LONDON - No more heartbreak for Allyson Felix. No more silver, either.
Denied twice on the world's biggest stage, Felix won the Olympic gold medal she's been yearning, taking the 200 meters Wednesday night to fill the last, and biggest, hole in her otherwise stellar resume.
Felix won the race in 21.88 seconds, topping Jamaica's Shelly-Ann Fraser-Pryce, who won the 100 four nights earlier, by 0.21 seconds. American Carmelita Jeter added bronze to go with her silver in the 100 meters.
"I think it was all for a reason," Felix said. "It kept me motivated and it made this moment very special. It was a big weight being lifted."
She won easily, leaving nothing to chance - or a coin flip that caused such a flap at Olympic trials - as she hugged the line around the curve, then burst ahead of Fraser-Pryce with 40 meters to go and gave coach Bobby Kersee another gold medal to celebrate.
Finishing fourth was Jamaica's Veronica Campbell-Brown, who defeated Felix in the Athens and Beijing Games and was trying to become the first woman to win the same individual track and field event in three consecutive Olympics.
Instead, the Americans were the ones celebrating three straight, their own 15 minutes of fame: Felix, followed quickly by Aries Merritt in the 110 hurdles and Brittney Reese in the long jump.
"We are always aware of what the medal count is," said Jason Richardson, who finished second to Merritt in the hurdles as part of a seven-medal day at the track for the United States. "I know track and field can . . . let the world know the Americans are the best track and field country."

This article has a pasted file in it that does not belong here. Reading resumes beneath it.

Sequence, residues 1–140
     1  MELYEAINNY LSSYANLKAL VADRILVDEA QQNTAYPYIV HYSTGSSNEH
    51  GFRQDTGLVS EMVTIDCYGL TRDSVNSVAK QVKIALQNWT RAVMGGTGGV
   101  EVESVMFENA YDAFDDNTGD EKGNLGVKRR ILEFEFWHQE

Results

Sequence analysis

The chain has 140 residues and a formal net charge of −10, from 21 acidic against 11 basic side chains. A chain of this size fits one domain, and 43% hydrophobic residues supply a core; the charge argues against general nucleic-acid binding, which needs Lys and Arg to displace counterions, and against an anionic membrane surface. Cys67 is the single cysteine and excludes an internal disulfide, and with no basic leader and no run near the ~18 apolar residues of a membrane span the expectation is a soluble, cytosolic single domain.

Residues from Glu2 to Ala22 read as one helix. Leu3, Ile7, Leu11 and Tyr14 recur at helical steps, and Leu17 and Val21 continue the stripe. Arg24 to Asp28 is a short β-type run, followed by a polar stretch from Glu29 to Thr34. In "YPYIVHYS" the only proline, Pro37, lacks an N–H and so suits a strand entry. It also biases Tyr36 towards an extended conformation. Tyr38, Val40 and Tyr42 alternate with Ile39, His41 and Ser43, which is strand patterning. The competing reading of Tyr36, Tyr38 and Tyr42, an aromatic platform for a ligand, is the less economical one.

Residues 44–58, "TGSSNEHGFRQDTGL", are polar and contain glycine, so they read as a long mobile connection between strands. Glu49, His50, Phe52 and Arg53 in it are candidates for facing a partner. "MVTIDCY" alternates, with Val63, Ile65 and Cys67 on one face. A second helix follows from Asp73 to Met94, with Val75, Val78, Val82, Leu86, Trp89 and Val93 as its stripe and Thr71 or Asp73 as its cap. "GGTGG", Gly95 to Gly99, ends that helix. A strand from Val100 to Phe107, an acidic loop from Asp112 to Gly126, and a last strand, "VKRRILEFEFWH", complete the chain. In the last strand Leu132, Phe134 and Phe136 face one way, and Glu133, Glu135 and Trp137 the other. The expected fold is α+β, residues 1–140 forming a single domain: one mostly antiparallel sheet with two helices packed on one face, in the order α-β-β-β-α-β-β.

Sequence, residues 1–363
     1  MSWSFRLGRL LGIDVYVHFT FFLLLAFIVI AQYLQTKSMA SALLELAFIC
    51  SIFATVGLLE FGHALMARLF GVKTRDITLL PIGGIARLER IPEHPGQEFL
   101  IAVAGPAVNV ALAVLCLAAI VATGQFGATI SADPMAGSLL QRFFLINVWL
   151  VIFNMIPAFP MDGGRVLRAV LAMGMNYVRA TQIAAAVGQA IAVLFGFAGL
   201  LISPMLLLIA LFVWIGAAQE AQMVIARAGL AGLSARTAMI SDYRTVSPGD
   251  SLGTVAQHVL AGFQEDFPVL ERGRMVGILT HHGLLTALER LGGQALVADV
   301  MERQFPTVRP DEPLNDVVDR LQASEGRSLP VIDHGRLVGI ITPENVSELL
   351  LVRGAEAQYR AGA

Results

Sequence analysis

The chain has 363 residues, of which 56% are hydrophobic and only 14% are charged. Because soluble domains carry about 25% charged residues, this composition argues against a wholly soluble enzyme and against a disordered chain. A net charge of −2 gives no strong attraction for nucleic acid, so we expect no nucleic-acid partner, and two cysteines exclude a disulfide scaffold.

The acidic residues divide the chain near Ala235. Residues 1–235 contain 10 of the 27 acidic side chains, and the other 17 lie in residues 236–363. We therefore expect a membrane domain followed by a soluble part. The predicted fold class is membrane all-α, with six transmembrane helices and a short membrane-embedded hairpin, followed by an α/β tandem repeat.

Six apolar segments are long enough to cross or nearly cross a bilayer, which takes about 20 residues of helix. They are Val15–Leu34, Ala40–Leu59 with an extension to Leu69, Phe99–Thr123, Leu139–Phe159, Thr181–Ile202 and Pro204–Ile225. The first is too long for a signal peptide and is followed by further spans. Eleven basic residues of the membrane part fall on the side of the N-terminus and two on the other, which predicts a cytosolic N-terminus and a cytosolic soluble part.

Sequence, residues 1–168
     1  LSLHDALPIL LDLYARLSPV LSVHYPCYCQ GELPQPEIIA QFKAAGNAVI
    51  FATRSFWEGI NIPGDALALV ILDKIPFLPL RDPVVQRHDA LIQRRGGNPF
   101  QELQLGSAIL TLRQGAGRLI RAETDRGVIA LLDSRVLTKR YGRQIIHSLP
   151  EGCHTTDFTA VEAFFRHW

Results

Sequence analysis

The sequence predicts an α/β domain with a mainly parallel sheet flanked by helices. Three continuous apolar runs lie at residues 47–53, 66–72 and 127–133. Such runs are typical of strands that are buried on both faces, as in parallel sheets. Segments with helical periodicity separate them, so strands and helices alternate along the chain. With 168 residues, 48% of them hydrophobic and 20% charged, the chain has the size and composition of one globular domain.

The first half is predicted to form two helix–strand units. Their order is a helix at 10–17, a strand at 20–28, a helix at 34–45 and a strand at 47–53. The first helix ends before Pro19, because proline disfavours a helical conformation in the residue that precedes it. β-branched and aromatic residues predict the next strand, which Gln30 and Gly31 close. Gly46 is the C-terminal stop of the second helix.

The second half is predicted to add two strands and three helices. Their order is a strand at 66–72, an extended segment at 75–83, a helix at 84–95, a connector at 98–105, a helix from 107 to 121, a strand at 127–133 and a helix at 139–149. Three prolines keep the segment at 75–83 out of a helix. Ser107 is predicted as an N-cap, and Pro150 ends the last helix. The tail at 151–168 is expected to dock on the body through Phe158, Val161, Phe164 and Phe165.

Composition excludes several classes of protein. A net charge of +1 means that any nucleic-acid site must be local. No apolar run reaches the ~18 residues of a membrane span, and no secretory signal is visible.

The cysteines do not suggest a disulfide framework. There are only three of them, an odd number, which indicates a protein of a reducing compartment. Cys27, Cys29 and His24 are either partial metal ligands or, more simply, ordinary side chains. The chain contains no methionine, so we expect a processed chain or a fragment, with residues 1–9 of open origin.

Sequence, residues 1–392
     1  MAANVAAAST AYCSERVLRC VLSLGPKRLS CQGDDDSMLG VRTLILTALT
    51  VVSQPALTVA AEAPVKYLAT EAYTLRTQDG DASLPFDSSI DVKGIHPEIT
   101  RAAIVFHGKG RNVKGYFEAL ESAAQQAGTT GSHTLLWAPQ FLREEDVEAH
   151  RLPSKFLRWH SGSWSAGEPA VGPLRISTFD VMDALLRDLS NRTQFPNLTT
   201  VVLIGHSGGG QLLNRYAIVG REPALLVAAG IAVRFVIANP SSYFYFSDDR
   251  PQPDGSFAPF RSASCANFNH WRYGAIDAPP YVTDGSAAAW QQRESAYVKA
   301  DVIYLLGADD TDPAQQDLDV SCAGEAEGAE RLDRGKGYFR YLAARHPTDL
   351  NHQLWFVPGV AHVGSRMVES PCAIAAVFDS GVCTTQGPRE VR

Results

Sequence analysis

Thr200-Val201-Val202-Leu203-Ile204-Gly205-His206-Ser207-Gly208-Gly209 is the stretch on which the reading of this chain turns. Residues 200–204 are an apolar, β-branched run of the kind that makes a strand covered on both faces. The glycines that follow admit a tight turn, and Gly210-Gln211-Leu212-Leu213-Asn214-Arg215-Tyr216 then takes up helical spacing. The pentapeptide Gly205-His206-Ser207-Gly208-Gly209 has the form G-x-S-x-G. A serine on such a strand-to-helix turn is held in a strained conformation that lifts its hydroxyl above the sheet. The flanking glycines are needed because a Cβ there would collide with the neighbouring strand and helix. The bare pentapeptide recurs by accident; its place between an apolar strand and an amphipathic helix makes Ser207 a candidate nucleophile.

Reese, a two-time world champion, became only the second American woman to win the long jump at the Olympics, leaping 23 feet, 4 1/2 inches (7.12 meters) on her second attempt. Jackie Joyner-Kersee gave the U.S. its other gold in 1988.
Janay Deloach added a bronze and now the Americans head into the last four days of the Olympics with 20 medals at the track - 10 away from fulfilling their "Project 30" aspirations for the London Games.
Felix certainly did her part.
"She's been trying very hard for this moment," said Jeter, who became the first U.S. woman to medal in both sprints since Florence Griffith-Joyner in 1988. "When I gave her a hug, that's exactly what I told her: 'You've waited for this moment.'"
Felix adds this gold to the two individual silvers and one 4x400 relay gold from the 2008 Olympics.
She is, according to USATF, the most decorated woman in 200-meter history. At 26, she now has seven Olympic and world championship medals at the distance - four of them gold.
Maybe just as importantly, she's the athlete who has consistently stood out as a smiling, trustworthy exception in a sport that has nearly buried itself under the weight of doping scandals and performances that seem too good to be true.
Richards-Ross, who finished fifth, said Felix "definitely deserves this moment. . . . She's wanted this for a very long time."
With the victory, Felix put at least a brief stop to Jamaica's relentlessness in Olympic sprints. Before she won, Jamaica had won seven of the last eight Olympic sprints, including relays.
Felix will receive her first-place prize Thursday at a ceremony shortly before the men's 200, and then she'll prepare for the relays, where she could have a spot in both the long and short races.